The Key to Powerful Sales Conversations

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ContextEarlier this week I wrote this article about the importance of using specific words and phrases at specific times.

That article discussed some of the milestones in the sales process where just the right word or phrase can make a such a huge – make or break – difference in the direction that the sales call takes. In the article I mentioned “at just the right time” but I didn’t elaborate. I’ll correct that omission with the following examples.

The ideal time to ask specific questions with carefully selected words or phrases is when it’s contextually appropriate.

For instance, you shouldn’t come right out and ask which competitor the prospect is buying from today. But when you learn about a quality problem that has persisted for 9 months, it is a contextually appropriate time to ask.

You shouldn’t come right out and state that your prices will be higher than the competition. But upon learning of a compelling reason to buy, quantifying the problem and hearing that the reason they are still buying from the vendor with the quality problem is because of their prices, it becomes a contextually appropriate time to let them know.

You wouldn’t come right out and ask who the decision maker is. But upon learning that the problem is costing the company $5MM it would be a contextually appropriate time to ask who else cares about $5MM.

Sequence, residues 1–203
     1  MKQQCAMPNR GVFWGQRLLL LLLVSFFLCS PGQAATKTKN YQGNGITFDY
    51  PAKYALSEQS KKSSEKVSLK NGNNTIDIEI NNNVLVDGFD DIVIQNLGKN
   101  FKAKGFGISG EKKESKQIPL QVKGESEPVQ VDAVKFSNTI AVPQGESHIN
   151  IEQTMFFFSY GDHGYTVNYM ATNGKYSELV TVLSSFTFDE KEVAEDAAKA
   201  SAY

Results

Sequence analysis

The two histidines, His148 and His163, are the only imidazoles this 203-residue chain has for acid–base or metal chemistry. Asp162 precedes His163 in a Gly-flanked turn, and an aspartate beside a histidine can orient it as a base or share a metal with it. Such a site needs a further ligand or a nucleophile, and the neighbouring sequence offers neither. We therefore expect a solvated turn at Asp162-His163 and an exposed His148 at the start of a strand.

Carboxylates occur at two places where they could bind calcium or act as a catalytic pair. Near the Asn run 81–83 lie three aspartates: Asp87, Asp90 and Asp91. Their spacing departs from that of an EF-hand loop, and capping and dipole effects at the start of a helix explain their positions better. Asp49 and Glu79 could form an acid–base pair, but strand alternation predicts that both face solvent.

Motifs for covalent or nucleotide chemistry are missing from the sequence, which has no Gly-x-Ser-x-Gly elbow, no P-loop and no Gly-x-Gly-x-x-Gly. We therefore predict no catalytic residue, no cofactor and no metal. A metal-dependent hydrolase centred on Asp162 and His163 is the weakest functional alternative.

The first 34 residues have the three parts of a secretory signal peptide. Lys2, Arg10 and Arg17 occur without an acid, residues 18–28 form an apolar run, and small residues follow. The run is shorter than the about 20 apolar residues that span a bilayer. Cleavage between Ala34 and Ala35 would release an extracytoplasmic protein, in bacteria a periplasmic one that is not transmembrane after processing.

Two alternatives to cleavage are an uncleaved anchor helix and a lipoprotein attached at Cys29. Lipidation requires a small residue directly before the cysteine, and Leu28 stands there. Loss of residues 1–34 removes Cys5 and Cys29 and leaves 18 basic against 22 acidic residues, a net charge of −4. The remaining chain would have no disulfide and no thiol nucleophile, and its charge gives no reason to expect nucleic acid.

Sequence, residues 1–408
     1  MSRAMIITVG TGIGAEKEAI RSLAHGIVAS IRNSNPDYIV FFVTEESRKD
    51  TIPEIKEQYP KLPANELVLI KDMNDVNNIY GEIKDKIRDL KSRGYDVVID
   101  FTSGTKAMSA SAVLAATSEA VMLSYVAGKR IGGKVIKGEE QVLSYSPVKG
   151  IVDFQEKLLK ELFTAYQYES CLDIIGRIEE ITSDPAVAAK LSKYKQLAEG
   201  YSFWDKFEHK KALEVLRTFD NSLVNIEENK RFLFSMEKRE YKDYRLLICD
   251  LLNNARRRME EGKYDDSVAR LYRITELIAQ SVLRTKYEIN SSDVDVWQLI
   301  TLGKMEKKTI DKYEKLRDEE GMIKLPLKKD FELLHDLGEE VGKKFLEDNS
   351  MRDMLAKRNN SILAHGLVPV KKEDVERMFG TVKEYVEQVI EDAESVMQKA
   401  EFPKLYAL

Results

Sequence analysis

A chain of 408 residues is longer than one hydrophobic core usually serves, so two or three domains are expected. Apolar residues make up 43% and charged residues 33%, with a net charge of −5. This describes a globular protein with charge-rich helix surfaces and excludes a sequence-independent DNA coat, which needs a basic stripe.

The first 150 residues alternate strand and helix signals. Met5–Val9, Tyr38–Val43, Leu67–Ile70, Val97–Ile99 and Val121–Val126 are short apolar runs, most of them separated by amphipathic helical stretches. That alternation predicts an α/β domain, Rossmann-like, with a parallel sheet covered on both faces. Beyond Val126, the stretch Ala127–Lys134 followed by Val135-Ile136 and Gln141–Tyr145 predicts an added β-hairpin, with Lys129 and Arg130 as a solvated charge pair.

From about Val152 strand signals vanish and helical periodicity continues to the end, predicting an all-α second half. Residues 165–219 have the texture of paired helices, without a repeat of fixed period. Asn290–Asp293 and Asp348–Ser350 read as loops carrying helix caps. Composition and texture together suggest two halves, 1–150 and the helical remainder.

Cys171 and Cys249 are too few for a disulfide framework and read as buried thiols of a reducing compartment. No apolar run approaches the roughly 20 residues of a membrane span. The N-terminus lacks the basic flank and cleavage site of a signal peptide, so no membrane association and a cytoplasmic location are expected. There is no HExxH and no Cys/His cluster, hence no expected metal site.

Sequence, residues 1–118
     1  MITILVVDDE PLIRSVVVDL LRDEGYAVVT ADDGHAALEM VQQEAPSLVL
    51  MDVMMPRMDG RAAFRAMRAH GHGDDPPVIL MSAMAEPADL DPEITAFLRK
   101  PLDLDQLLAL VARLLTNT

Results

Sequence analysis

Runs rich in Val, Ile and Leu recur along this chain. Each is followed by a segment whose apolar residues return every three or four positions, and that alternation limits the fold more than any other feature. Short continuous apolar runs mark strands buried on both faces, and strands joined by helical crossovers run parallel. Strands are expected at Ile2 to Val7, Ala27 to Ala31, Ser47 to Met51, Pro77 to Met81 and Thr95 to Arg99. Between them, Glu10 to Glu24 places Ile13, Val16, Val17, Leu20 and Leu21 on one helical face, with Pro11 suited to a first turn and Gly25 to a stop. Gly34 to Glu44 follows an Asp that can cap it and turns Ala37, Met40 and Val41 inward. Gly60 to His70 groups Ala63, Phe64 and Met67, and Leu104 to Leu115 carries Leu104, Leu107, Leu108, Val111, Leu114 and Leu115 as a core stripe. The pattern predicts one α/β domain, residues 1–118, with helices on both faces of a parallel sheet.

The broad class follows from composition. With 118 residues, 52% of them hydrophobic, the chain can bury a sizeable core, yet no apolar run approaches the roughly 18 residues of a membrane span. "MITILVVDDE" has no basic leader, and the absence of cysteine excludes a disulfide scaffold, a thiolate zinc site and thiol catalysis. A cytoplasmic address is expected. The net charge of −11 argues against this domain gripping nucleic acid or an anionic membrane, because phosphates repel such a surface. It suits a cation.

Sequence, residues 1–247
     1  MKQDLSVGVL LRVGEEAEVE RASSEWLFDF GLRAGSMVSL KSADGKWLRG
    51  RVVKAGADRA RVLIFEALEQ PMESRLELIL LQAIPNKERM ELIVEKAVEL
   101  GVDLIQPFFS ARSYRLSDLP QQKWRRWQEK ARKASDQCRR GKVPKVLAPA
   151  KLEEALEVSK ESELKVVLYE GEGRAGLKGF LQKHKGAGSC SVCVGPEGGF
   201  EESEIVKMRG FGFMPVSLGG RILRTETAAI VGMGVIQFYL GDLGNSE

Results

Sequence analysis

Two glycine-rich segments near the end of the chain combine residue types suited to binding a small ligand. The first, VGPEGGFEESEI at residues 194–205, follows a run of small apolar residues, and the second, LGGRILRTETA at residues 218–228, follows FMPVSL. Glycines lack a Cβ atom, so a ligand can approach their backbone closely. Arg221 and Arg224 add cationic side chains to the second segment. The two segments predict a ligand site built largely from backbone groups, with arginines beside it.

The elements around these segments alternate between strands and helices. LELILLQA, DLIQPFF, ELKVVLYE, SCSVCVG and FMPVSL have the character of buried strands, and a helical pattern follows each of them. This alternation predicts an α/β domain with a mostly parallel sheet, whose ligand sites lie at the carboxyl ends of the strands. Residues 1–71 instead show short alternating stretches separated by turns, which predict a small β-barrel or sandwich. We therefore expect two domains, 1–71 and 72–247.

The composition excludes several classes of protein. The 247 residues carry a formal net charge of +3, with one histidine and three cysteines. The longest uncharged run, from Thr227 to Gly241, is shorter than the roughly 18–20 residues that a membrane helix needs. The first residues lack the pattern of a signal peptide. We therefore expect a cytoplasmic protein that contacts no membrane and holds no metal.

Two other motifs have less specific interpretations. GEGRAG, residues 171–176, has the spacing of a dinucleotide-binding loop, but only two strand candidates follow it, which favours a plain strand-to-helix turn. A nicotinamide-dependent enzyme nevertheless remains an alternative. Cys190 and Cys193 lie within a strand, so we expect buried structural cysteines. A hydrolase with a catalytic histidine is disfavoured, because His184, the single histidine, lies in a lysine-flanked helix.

One of the reasons salespeople fail to gain traction, differentiate and convert opportunities to sales is that the relatively small number of questions they are asking are coming from a list of questions rather than at a contextually appropriate time.

If you ask the right questions and get the timing right along with it, you’ll get the results you are looking for as well.

Republished with author's permission from original post.

2 COMMENTS

  1. Dave: so glad you bring this up – a refreshing counterpoint to much of what’s written to goad salespeople to stop using this or that sales question. All of which ignores what you’ve identified as the more frequent culprit – context and timing.

    I wrote similarly in a blog titled “What Makes Dumb Sales Questions Dumb?” – inspired by a list of questions that salespeople should stop using.

  2. Thanks Andrew. I’m embarrassed that I missed your original article. I just went back and read it and it’s brilliant. Great list of examples. Thanks for letting me know!

    Dave

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